Saturday, 7 October 2017

Its about time...

Yeah, I know, I just looked at the date on the last update.  What can I say, I've been busy :)

There have certainly been a number of times recently where I've thought to myself, "I should add that to the blog", but then never get around to it.  So, its Sunday morning, I think I'm up to date with other tasks, and might have some time to add something.

One of the prompts to finally pen something here, was that I'm about to head down to Launceston again for the Launceston Model Railway Exhibition (October 13th-14th, at Albert Hall in Launceston).  I looked at the blog and realised its been nearly 12 months since the last update, which covered my first trip to Tassie last year!  So there's the plug for that event next weekend.  A far bigger show than last years effort, with a bunch of mainlanders heading down for a great weekend.  Come along if you're in the area and say hello.  I'm taking a bunch of scenery materials down with me to do some live scenery work, so if your keen to see what actually goes into my forests, stop by for a chat.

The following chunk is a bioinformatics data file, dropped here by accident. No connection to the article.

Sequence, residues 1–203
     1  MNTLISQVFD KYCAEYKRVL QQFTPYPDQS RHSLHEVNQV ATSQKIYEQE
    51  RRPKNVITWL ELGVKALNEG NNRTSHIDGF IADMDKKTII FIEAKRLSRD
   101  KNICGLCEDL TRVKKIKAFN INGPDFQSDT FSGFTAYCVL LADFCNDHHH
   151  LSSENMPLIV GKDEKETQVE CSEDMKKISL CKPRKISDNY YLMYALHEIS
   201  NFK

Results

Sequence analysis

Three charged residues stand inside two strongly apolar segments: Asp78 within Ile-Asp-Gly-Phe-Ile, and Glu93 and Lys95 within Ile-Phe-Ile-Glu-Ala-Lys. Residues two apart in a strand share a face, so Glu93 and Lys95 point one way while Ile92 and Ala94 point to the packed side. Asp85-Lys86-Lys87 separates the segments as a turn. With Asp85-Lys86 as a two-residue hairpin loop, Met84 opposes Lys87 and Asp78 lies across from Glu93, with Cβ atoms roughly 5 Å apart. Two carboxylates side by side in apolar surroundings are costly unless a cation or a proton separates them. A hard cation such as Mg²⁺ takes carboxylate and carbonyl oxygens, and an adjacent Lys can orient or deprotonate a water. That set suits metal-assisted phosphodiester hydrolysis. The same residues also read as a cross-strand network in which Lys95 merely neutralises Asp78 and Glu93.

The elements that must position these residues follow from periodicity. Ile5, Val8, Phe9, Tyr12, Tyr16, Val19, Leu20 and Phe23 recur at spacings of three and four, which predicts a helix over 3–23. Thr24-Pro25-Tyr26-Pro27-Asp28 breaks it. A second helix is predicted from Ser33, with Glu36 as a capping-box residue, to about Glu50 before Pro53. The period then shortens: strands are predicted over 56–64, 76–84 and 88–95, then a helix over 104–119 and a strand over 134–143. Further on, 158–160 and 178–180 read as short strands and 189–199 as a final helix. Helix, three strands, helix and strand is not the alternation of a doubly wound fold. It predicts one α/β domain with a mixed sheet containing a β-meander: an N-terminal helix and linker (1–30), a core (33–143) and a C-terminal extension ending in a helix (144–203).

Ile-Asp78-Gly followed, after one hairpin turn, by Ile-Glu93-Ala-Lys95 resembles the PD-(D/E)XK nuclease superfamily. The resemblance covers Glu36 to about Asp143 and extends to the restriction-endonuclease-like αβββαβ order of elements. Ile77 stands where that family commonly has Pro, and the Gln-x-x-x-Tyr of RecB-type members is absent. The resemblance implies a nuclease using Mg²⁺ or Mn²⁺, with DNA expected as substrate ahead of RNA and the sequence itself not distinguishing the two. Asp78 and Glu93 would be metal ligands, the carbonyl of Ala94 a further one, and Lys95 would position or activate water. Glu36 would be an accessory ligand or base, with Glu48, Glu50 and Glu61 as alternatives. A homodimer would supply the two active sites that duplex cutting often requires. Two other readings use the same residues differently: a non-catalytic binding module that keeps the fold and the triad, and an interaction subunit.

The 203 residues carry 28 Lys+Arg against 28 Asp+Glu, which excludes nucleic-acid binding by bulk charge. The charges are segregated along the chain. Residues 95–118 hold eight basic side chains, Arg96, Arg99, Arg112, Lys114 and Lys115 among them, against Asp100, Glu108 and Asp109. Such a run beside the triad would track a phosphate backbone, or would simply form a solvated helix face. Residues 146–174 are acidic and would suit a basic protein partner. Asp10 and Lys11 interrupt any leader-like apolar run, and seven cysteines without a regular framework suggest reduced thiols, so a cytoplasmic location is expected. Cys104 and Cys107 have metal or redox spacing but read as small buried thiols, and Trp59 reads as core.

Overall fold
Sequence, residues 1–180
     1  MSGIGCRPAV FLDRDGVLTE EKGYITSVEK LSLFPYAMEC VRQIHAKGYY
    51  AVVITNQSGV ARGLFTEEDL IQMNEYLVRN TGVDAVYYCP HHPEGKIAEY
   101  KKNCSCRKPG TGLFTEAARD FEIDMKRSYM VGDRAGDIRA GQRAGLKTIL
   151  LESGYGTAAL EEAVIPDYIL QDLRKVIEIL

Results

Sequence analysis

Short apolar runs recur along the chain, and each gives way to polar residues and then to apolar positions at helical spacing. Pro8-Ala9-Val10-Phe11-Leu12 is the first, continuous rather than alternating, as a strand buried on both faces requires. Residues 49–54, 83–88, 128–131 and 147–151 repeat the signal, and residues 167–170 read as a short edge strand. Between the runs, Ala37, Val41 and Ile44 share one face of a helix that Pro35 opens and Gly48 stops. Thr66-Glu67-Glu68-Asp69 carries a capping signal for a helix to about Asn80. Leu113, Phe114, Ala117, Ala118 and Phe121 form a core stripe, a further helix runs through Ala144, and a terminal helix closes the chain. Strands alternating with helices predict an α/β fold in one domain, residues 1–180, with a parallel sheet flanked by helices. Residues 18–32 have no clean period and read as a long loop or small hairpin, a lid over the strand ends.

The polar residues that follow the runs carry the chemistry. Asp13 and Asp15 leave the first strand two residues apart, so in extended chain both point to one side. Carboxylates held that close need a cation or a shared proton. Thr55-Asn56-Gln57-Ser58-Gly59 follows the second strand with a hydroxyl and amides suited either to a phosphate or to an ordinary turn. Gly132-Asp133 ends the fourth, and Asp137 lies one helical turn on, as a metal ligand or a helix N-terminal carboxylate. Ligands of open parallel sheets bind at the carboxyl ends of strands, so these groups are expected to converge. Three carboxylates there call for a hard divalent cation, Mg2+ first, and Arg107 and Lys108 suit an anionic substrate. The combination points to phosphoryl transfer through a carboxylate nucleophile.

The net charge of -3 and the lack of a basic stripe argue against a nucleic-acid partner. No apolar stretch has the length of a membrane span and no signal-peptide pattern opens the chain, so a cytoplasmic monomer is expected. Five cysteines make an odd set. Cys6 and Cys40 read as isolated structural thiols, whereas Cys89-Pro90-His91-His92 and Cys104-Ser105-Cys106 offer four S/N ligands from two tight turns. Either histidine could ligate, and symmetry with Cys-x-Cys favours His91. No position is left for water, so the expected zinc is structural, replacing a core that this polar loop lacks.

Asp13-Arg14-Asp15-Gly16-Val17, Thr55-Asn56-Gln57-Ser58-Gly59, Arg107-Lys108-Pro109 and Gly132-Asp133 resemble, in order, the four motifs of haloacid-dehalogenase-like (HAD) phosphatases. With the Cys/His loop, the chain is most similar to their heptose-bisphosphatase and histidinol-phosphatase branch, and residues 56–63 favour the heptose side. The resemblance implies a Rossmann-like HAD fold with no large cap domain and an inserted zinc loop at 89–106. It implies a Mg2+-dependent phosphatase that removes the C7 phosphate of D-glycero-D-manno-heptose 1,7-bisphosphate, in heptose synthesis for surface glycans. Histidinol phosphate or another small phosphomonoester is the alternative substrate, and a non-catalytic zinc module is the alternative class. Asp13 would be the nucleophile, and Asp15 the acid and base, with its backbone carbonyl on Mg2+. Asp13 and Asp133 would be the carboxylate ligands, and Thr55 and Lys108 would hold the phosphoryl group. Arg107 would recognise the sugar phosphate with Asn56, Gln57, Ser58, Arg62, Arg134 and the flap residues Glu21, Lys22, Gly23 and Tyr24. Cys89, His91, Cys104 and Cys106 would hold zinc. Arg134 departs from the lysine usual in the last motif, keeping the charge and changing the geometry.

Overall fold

I figured I should use this post to run a bit of a back date on what has happened (this year).  The main thing for me was the 13th Australian Narrow Gauge Convention, held back at Easter time (yup, I said back date!).  It was a lot of work in the lead up to that event, but the effort was worth it, with a very successful convention.  The ANGC was well attended, with plenty of interested modellers under the one roof, and a great range of traders present to share their wares.  I saw many happy faces across the weekend, with lots of positive feedback.  I'm not going to run a full written report here, as its already been published on the ANGC website and in Narrow Gauge Downunder Magazine, but will just add a few selected photos as a sample.  The full album can be viewed on my Flickr page, where there is an album of 500 images.  Click here to view that album.


The convention saw over 30 clinics hosted during the weekend, ranging from prototype presentations, to various modelling techniques, plus a number of sessions with the layout builders who described their projects and methods.